Climate change news from Aotearoa and around the World.
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Australia outlines emissions scheme.
While the Government struggles to get its Emissions Trading Scheme (ETS) down the legislative slipway and launched before the election, its Australian counterpart has outlined its own scheme. There are as many differences as similarities between them. Both are intended to apply to electricity generation from 2010. In Australia's case, "stationary energy" accounts for about half of its emissions, because of its reliance on coal-fired generation. Australia does not envisage including agriculture (about 16 per cent of its emissions) until 2015 at the earliest. It will not decide until 2013. Neither Government is in any hurry to add to the price of transport fuels. Australia plans a Clayton's approach initially, where any increase in petrol or diesel prices from the ETS will be offset, cent-for-cent by a reduction in the excise on those fuels. That would entirely eliminate any price signal for the first three years of the scheme. The New Zealand Government opted to push back transport's entry into the scheme from 2009 to 2011.
- The Green Party is disappointed that Australia's proposed emissions trading scheme will not provide a model for New Zealand.
- Garnaut urges immediate climate action.
ETS: Opinion poll backs emission law.
An opinion poll on the emissions trading scheme has found more people support it than not. The survey of 514 people, conducted by DigiPoll last month, found 34 per cent for and 24 per cent against the legislation. The bill has been reported back by the finance select committee and the Government is trying to muster enough support among the smaller parties to get it passed before the election. Nearly half of respondents agreed: "New Zealand should be one of the world leaders on climate change and work at the same pace as other countries which are determined to make a difference." Forty-four per cent disagreed with the assertion: "New Zealand's carbon emissions are so small that any action we take will not make any difference to the effects of climate change." Thirty-four per cent agreed with the statement. And 87 per cent said they were personally prepared to take steps or accept costs to reduce the effects of climate change. But price resistance set in somewhere between $10 and $20 a week when asked how much more they would pay for power and petrol.
Secret report: biofuel caused food crisis.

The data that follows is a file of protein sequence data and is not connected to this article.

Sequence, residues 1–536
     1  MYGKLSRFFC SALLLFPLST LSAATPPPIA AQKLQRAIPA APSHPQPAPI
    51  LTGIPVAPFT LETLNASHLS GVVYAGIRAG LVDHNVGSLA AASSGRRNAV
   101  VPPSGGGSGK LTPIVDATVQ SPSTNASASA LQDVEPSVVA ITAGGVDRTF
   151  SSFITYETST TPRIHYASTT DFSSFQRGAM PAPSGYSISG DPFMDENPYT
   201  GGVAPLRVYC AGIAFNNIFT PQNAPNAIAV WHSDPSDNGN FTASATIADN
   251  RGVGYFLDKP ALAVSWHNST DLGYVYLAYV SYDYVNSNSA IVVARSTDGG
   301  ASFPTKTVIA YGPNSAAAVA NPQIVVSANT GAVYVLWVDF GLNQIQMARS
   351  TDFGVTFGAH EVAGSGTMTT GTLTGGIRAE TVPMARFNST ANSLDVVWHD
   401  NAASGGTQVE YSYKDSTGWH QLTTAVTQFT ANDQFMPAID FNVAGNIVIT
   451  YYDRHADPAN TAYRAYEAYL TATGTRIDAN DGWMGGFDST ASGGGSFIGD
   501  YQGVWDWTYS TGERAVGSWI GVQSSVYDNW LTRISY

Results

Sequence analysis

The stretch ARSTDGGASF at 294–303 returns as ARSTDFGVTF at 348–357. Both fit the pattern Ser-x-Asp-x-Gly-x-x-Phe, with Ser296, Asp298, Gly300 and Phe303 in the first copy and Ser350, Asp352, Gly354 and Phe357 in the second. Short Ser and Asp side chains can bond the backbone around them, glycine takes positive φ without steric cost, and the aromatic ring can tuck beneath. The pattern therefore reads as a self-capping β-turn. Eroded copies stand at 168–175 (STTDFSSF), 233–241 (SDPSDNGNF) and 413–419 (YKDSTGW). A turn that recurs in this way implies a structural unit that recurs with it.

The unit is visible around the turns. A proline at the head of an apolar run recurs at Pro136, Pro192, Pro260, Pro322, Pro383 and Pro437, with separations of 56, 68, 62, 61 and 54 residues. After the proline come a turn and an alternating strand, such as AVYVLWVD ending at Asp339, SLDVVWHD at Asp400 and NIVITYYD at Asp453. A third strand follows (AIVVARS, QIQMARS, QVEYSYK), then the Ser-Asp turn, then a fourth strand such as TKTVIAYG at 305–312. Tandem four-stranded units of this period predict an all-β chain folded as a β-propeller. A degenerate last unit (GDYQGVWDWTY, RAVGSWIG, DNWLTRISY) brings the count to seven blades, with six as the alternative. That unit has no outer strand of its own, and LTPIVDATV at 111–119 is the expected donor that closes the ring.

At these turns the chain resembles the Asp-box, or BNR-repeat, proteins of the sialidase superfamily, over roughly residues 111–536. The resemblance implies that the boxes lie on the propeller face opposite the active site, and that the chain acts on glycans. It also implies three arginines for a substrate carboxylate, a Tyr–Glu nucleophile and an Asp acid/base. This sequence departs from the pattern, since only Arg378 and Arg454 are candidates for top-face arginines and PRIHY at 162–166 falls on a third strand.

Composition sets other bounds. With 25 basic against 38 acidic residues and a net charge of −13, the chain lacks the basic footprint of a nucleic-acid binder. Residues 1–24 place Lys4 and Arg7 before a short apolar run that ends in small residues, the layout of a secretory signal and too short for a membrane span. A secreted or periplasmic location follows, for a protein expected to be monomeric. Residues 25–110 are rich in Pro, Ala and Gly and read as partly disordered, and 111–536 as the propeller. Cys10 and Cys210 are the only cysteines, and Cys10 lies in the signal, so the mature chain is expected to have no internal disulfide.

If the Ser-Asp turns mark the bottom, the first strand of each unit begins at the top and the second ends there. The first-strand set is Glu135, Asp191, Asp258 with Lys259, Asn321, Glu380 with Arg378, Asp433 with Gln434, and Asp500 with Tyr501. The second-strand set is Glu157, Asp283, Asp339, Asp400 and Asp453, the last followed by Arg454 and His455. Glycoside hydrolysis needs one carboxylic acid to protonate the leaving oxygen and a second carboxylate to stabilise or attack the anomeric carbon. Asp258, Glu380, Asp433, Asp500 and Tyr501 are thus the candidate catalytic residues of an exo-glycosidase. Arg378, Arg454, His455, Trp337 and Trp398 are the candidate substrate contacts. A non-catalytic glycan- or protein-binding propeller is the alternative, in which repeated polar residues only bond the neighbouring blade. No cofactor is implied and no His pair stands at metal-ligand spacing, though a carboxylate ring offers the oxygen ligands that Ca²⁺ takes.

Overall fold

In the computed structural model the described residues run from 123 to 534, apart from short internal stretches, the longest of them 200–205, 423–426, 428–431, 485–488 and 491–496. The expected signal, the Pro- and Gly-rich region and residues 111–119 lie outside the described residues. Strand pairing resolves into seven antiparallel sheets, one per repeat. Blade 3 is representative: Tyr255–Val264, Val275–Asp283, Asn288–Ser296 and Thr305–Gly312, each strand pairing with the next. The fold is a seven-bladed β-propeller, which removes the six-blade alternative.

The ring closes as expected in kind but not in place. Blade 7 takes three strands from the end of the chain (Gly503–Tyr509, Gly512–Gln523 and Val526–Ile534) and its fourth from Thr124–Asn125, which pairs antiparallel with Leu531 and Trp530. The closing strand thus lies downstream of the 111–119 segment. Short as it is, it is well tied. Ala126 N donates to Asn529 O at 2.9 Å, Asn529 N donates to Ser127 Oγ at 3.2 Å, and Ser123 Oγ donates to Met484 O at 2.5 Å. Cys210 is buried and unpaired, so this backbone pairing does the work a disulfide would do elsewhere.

Biofuels have forced global food prices up by 75% - far more than previously estimated - according to a confidential World Bank report obtained by the Guardian. The damning unpublished assessment is based on the most detailed analysis of the crisis so far, carried out by an internationally-respected economist at global financial body. The figure emphatically contradicts the US government's claims that plant-derived fuels contribute less than 3% to food-price rises. It will add to pressure on governments in Washington and across Europe, which have turned to plant-derived fuels to reduce emissions of greenhouse gases and reduce their dependence on imported oil. Senior development sources believe the report, completed in April, has not been published to avoid embarrassing President George Bush.
Environment: Climate risk from flat-screen TVs.
The rising demand for flat-screen televisions could have a greater impact on global warming than the world's largest coal-fired power stations, a leading environmental scientist warned yesterday. Manufacturers use a greenhouse gas called nitrogen trifluoride to make the televisions, and as the sets have become more popular, annual production of the gas has risen to about 4,000 tonnes.
As a driver of global warming, nitrogen trifluoride is 17,000 times more potent than carbon dioxide, yet no one knows how much of it is being released into the atmosphere by the industry, said Michael Prather, director of the environment institute at the University of California, Irvine. Prather's research reveals that production of the gas, which remains in the atmosphere for 550 years, is "exploding" and is expected to double by next year. Unlike common greenhouse gases such as carbon dioxide, sulphur hexafluoride (SF6) and perfluorocarbons (PFCs), emissions of the gas are not restricted by the Kyoto protocol or similar agreements.
World leaders vague on climate change goals.
Gore challenges US to produce every kilowatt of electricity through wind, sun and other Earth-friendly energy sources within 10 years.
Coal or Kiwi: Solid Energy at it again.
Global warming may raise kidney stone cases: study.
A massive swath of northern Ontario boreal forest, considered the world's largest carbon storehouse, will be off-limits to forestry and mining activities.
Pope expresses worry about climate change.
No gasoline or oil price relief until winter 2009, says EIA.
Vast oil, natural gas reserves estimated in Arctic.
Ugandan coffee may disappear in 30 years: Oxfam.
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